"We can't afford to go to work": How rising gas prices impacts everyday Canadians

May 18 2022, 7:00 pm

Gas prices are rising nationwide and Canadians are struggling to make ends meet and accommodate all the budgetary changes they must make in order to drive.

The average per-litre price to fill your tank currently stands at $2 nationally. In major cities, it exceeds this number, with Vancouver at $2.339, Toronto at $2.066, Halifax at $2.074, and Montreal at $2.145.

According to the Canadian Automobile Association, this number was as low as $1.276 around this time last year (May 23, 2021).

Daily Hive Urbanized set up a survey to see how Canadians with cars are dealing with this sudden spike in their expenses. The picture is one of hopelessness and despair.

Many have had to take drastic measures to brave the storm, especially with Canada’s inflation rate breaking records every month.

Here’s what Daily Hive Urbanized readers — ordinary Canadians across provinces — had to say about the gas prices crisis.


The average price of gas in Alberta today is $1.689 per litre — $0.311 shy of the national average.

According to CAA, the province has not seen gas prices this high since June last year.

“It’s extremely stressful,” Amy, a 26-year-old Albertan, told us. “We do not have efficient or safe transit in my city, and with inflation, the cost of living is outrageous.”

The national rate of inflation boomed to 6.8% this month, breaking a 31-year record and pushing Canadians to adjust their grocery spending. It’s a double whammy when combined with rising gas prices.

“Even with a decent income, I’m now living paycheque to paycheque because prices for everything are out of control,” Amy said, adding has limited buying local goods, which are pricier and now completely unaffordable for her.

“I limit my driving and basically can’t enjoy anything that’s not a necessity. Canadians and especially Albertans shouldn’t be robbed at the pump,” she complained. “Canada is becoming a terrible country to live in and the middle class is breaking. It’s ruining people’s mental health.”

Another Albertan, Krystina from Calgary, is on maternity leave. The 31-year-old doesn’t see herself being able to sustain any more price hikes.

“We dropped to one car,” she told Daily Hive Urbanized, adding that “getting rid of a car” was her way to reorganize and afford household expenses.


The average price of gas in Ontario today is $2.066 per litre — $0.066 over the national average.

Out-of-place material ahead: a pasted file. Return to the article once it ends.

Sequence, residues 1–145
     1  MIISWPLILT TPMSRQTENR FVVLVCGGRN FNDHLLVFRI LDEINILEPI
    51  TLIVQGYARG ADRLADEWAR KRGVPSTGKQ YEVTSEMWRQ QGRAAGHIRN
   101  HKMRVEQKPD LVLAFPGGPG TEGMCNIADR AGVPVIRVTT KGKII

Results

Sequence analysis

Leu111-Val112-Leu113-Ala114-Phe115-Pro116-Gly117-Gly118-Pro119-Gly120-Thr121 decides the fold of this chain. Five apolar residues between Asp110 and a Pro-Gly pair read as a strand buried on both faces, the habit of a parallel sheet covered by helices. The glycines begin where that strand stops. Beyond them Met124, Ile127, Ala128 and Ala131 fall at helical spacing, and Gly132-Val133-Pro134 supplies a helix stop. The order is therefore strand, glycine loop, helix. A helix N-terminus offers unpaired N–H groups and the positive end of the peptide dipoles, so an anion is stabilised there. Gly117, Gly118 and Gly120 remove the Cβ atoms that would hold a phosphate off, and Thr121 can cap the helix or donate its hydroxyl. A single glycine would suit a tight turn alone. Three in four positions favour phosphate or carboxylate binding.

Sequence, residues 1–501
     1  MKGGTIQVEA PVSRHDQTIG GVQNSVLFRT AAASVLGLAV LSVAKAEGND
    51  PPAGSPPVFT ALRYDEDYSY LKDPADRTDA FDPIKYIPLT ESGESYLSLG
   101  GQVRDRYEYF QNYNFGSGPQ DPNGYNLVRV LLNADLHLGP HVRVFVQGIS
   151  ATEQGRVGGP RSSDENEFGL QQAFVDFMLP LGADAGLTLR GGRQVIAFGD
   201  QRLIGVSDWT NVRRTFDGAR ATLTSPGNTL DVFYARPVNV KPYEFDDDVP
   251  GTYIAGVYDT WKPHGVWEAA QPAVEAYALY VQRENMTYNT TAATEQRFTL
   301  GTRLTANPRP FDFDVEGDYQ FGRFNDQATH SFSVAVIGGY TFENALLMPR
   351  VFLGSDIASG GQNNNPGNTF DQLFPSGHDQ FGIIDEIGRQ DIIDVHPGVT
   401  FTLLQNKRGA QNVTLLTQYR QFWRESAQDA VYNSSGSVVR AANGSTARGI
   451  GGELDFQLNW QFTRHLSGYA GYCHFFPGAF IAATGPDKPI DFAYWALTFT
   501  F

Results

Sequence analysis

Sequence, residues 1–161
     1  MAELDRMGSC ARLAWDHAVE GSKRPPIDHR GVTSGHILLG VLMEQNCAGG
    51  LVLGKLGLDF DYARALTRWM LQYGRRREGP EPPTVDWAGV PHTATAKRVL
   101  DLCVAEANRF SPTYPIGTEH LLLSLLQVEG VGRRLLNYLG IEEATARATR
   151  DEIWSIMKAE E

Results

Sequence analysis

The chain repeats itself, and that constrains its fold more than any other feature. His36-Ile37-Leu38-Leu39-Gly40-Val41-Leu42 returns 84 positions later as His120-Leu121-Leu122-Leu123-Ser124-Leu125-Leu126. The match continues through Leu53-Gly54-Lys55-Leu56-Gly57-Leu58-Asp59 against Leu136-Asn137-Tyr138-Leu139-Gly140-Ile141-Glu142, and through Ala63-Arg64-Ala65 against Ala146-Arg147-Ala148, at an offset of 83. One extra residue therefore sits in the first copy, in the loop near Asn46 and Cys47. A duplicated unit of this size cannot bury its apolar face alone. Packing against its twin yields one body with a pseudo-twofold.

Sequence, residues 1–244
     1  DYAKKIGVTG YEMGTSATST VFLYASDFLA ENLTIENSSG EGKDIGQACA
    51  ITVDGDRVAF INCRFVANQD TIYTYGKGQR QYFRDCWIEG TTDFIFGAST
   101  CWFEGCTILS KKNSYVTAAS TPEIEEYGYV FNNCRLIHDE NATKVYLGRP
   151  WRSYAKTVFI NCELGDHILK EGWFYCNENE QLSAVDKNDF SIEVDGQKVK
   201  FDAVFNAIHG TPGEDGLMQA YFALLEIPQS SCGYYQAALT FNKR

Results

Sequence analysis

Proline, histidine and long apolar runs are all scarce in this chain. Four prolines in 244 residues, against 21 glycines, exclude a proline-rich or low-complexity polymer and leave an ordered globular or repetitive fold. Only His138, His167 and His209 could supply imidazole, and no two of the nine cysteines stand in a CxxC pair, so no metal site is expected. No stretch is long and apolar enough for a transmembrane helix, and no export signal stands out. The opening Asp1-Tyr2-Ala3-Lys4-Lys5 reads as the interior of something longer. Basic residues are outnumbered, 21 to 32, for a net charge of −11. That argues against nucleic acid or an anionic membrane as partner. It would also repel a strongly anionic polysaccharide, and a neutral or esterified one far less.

With employers shifting policies about working from home to being at the workplace, Ontarians who drive to work are dreading more than just the hassle of waking up super early and being able to work in their pajamas.

Those who never bought a car or made driving their primary way of getting around are grateful they stuck to public transportation.

“In no way have gas prices affected me,” 26-year-old Toronto resident Fred told Daily Hive Urbanized. “Deciding to be reliant on non-car transportation was a good decision.”

Fred walks, uses public transit, or bikes to do everything, from going to work to getting around for everyday errands.

British Columbia

The average price of gas in BC today is $2.205 per litre — $0.205 over the national average.

But it was even higher earlier this month, and parts like Lower Mainland are seeing an anxiety-inducing $2.339 on their gas pump price boards.

Despite mass pleading to do so, the provincial government has refused to make public transit free.

Such paycheque-devouring gas prices as such are making people like Lisha, a BC-based mother of two, struggle to meet expenses for necessary things like food and baby supplies.

“I’ve had to switch the cheap brands for everything and my daughter is very sensitive with her stomach so her formula I cannot switch.”

The 29-year-old is even contemplating moving out of the province to make ends meet. “I have family in Ontario and Alberta, and they’re both looking like a better place to be able to drive and buy a house.”

In Surrey, gas prices rising to highs of $2.324 per litre have left residents hopeless.

“I stopped going out,” Sarah from Surrey told us. “I drive to and from work and get groceries on the way. That is about it.”

Sarah added that switching to public transit is not one of her options, as the bus to her work does not run early enough for her to get there on time. She’s spending outside of the budget that was working just fine for her until gas went up. “Now I’m using the savings for a down payment on a house to pay for gas,” she said.

Langley resident Crystie, 35, also raised an important point about a choice many vehicle owners have had to make — drive with exorbitant gas prices, or spend hours on public transit to get to work.

She said she feels “stressed, irritated, sick, depressed, hopeless, and trapped” but has chosen to drive. “Why would I take transit for 2-3 hours when it will only take 30 mins to drive?” she reasoned.

The problem affects people dealing with mobility issues even more detrimentally.

Kevin, a 59-year-old resident of Surrey, BC, told us he drives everywhere. He has to.

“Being handicapped, I only have my car to get around,” he said.

“I go nowhere. I stay home. Cancelled doctor’s appointments. Cancelled everything.”

Nova Scotia

The average price of gas in Nova Scotia today is $2.074 per litre — $0.074 over the national average. In August last year, it was $1.256.

Fifty-year-old Bev says the price now is “absolutely NOT” sustainable.

“If it goes any higher, I will have to quit my job because it won’t be worth going to work,” Bev complained. “It’s bad enough we can hardly afford to eat and now we can’t afford to go to work!!”

The Nova Scotian has resorted to “giving up internet, buying less food, and not driving anywhere.”

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